Noah’s Ark

One of the things I started my Algebra 1 Support classes off with on the first day of school was Fawn Nguyen’s Noah’s Ark problem.

Wait. Before I begin, I want to say this problem is REALLY HARD. I worked it myself a few times, couldn’t figure it out, and finally wound up needing Fawn herself walk me through the logic of it. (Of course, once you see the logic, it makes so much sense. Also, in my defense, I was on the right track, and then got distracted with something else and didn’t continue that train of thought.)

So my students were working this problem and a few of them just had no idea how to begin. We talked about the difference between asking questions and saying “I don’t get it” and then I asked them lots of questions. They didn’t seem to be big fans of this approach, but I didn’t care. Others could get started but got stuck after about 2 steps. I asked them lots of questions too. Others insisted they had an answer (it was 2 – seriously, every single group got 2 as their first answer) but then broke down in the middle of their explanations when I asked them to explain their reasoning. It was interesting to see how obvious it was that no one’s ever asked them to do that in a math class before.

The first day, I think they worked on it for about half an hour. The next day, I summarized the major findings that most groups had gathered from the day before on the board (with lots of input from the class) and set them to work again. They got another half hour, and only one class finished. (This would be the class that figured out the easiest method to solve it while we were doing our recap.)

Yesterday (3rd day of school), we had a discussion about what we do in this class (a school-wide topic for the day to build culture). They immediately started off with the usual “we do our work and you help us” crap, so I started asking them to think about the activity we’d been doing for the last couple of days. What did you do? What did I do?

They finally realized that they did lots of thinking. They did lots of talking. They did not do very much writing, and they did no calculation or plugging of numbers into formulas.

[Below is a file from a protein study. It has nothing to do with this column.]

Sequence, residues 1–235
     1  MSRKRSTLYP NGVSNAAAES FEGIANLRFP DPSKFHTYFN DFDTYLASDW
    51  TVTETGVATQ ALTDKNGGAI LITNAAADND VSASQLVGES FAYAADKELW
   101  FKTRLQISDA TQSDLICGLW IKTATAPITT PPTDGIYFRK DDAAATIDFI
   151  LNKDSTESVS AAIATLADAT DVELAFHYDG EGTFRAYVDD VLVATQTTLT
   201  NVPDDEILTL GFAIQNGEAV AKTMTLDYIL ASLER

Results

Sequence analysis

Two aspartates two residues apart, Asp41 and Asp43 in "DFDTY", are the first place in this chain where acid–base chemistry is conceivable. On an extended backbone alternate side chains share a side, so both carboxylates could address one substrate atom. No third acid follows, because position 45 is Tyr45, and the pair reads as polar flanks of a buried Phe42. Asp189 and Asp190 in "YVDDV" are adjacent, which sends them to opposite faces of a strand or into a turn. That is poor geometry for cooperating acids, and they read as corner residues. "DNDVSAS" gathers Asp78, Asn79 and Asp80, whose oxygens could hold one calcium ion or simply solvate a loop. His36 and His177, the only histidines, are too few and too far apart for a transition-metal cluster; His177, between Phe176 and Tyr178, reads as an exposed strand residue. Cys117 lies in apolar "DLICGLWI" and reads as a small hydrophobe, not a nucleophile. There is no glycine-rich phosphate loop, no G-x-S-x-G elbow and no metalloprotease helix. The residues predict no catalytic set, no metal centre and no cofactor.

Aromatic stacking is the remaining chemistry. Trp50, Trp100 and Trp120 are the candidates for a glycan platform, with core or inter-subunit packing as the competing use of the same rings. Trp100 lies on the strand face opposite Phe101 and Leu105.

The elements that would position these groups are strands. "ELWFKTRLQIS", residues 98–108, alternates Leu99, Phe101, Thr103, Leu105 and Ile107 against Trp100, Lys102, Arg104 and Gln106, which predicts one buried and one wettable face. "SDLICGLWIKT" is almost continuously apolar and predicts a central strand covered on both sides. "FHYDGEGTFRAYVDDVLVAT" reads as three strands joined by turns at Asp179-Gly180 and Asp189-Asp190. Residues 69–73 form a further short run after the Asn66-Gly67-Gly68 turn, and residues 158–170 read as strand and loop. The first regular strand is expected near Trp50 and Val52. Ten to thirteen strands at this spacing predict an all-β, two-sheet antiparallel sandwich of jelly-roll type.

When asked what I did while they were working, this conversation happened in all my classes:

Some kid: “You helped us.”

Me: “Did I?”

Silence and confused looks

Me: “Did I tell you the answer?”

A bunch of kids, in rather sulky tones of voice: “No.

Me: “Did I even tell you if you were right or wrong?”

One kid yells YES but he’s the only one. I actually did tell him he was wrong at one point because that’s what he needed to hear to force him to try something different.

Me: “What did I actually do?”

Some other kid: “You asked us to explain how we got our answers.”

Me: “So I asked you lots of questions?” (write this on the board) “Ok…what else did I do?”

More silence and confused looks – you can see it suddenly dawning on them that this is pretty much all I did for two days: asked them questions. The look on their faces when they realize this is priceless.

We finally agreed that my job is to give them hard problems and make them think and explain their reasoning. Their job is to work on those problems, communicate their reasoning, and persevere.

I can assure you, they were not expecting that from their math teacher.

Misconceptions or Gaps That Noah’s Ark Uncovered:

  • Lack of experience with explaining their thought process
  • Little true grasp of the concept of equivalence, and even less understanding of how to use this concept to their advantage
  • We’re going to need to do a lot of work on the whole concept of perseverance.

One thought on “Noah’s Ark

  1. Wanda Shelton

    I am a math teacher and JUST stumbled across the Noah’s Ark logic problem. I need to know the correct answer. I “think” I know but I need to know before I actually present this to my classes.


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